Pubdate: Tue, 26 May 2015
Source: New York Times (NY)
Copyright: 2015 The New York Times Company
Page: A18


During the 1980s and 1990s, as the United States battled the scourge 
of cocaine throughout the hemisphere, Washington did most of the 
talking. Latin American governments were forced to listen and fall in 
line. The American government had the most money to throw at the 
problem, the toughest justice system and the biggest bully pulpit.

In recent years, that top-bottom approach has been upended as 
countries in the region have begun to develop new strategies to fight 
drug trafficking and discourage the use of narcotics. The initiatives 
that are being discussed and applied represent a welcome break with 
the largely failed traditional approach, which has emphasized 
prohibition and punishment. A special United Nations General Assembly 
meeting next April on drug policy has provided an added incentive to 
develop fresh approaches to the problem, including sentencing reforms 
and legalization.

"There is near unanimity that the focus needs to be on health and 
public health," John Walsh, a drug policy expert at the Washington 
Office on Latin America said in an interview. "That is very 
significant, considering most of the policy remains focused on 
enforcement and interdiction."

While a broadly accepted regional approach remains a distant goal in 
a politically diverse hemisphere with many strained relationships, 
the present conversations offer considerable hope. Washington has 
started doing more listening than lecturing, in large part as a 
result of the domestic debate about the legalization of marijuana and 
sentencing reform for drug crimes.

Colombia, which has been among Washington's most willing and pliant 
partners in the fight against drugs, is among those charting their 
own course in notable ways. Defying the United States, the Colombian 
government recently banned aerial spraying of coca crops, citing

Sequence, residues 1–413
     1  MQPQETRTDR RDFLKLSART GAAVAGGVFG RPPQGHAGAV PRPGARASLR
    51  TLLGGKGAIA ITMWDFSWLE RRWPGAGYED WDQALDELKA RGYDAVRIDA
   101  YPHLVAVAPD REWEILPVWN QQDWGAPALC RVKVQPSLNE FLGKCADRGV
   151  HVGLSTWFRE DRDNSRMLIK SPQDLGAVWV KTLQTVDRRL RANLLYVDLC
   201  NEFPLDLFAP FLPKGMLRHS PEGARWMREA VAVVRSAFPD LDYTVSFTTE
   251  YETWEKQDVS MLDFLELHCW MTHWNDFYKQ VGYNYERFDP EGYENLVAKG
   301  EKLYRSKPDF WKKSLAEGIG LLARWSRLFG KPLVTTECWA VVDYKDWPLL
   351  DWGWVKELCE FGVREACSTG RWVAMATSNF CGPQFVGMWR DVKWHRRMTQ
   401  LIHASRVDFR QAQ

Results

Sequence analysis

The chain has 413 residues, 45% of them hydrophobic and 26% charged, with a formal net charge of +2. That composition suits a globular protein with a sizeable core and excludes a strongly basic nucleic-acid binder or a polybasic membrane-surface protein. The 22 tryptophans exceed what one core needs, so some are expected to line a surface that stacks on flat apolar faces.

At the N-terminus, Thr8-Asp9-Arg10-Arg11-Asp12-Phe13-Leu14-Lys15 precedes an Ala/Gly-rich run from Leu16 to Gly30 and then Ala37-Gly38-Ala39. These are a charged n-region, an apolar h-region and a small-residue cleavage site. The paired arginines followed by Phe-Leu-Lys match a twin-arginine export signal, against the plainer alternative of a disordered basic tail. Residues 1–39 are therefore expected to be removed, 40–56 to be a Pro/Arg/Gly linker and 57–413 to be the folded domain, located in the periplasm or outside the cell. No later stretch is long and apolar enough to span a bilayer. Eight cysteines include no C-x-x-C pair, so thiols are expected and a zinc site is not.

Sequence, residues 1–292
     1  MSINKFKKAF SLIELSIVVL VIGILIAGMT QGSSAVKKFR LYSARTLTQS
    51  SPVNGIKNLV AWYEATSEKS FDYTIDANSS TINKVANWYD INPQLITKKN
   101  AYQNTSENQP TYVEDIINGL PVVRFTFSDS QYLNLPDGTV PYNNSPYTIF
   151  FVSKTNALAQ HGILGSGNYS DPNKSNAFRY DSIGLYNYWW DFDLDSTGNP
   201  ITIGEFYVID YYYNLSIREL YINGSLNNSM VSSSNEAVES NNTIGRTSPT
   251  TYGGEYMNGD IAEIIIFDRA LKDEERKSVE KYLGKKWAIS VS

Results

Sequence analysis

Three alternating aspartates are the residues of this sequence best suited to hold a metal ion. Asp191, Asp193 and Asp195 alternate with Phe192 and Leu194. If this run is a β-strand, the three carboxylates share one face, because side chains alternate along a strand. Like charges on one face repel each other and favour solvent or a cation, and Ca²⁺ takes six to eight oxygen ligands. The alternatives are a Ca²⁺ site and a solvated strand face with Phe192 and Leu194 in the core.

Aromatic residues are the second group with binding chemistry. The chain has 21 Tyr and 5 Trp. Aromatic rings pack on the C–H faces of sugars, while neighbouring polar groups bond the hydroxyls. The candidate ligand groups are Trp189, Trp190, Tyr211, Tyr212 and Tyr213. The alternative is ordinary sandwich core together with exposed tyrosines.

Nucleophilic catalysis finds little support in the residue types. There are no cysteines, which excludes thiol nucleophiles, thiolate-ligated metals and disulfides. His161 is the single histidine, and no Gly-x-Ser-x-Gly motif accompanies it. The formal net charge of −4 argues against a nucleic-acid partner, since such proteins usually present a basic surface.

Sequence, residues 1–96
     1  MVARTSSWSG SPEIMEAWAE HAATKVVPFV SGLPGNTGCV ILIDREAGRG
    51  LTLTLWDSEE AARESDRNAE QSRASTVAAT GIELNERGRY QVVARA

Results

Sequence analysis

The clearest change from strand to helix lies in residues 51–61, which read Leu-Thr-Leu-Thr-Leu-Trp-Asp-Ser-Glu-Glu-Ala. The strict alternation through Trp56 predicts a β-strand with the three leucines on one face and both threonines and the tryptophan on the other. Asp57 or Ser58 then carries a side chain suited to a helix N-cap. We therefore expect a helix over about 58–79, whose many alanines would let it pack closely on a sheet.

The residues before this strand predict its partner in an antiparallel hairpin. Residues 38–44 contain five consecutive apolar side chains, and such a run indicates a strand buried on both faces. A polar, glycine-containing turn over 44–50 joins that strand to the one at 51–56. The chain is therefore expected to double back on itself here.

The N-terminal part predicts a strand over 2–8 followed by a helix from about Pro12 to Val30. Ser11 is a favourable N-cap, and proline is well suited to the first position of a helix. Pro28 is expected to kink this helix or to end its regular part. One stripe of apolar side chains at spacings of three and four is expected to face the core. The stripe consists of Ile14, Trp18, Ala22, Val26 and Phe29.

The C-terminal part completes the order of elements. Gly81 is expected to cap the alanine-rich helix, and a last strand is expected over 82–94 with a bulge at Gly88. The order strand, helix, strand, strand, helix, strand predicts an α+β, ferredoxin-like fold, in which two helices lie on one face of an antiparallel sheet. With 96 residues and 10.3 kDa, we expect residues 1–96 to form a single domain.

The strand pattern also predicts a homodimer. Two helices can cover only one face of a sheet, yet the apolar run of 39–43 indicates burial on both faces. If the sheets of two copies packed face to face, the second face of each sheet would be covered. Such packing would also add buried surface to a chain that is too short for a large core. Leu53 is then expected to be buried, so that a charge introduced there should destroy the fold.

health concerns. Earlier this month, Yesid Reyes, the Colombian 
justice minister, delivered a speech at the United Nations outlining 
proposals that include decriminalizing consumption and finding 
alternatives to incarceration for minor drug offenses.

"We declared a war that has not been won," Mr. Reyes said in the 
speech. "For that reason it's imperative to conceive and agree on, at 
the international level, policies and approaches that allow us to 
respond to this enormous challenge in the most humane, smart and 
effective way."

Uruguay and Bolivia have also been leaning forward. Uruguay legalized 
recreational use of marijuana in 2013. Bolivia kicked out the United 
States Drug Enforcement Administration in 2009 and currently allows 
farmers to grow modest crops of coca, which is widely chewed as a 
stimulant and used for medicinal purposes there. There are outliers, 
though; chiefly Peru, which continues to fight the drug trade with 
strict and punitive policies.

The United States has a strained relationship with several 
governments that have a major stake in the drug trade, including 
Bolivia, Ecuador and Venezuela. In the years ahead, Washington may be 
able to strengthen regional cooperation if it places greater emphasis 
on the tools and expertise it has to offer, rather than punishing 
those that are deemed to be taking insufficient steps to curb the drug trade.

"You have to be able to make the case that having American drug 
enforcement agents involved with your local partners is good for the 
bottom line of those countries," said Julissa Reynoso, a former 
senior State Department official who worked on Latin America policy 
until last year. "Most countries have an interest in having less 
crime, and I think that's a case that can be made, even to countries 
that are not as friendly."
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MAP posted-by: Jay Bergstrom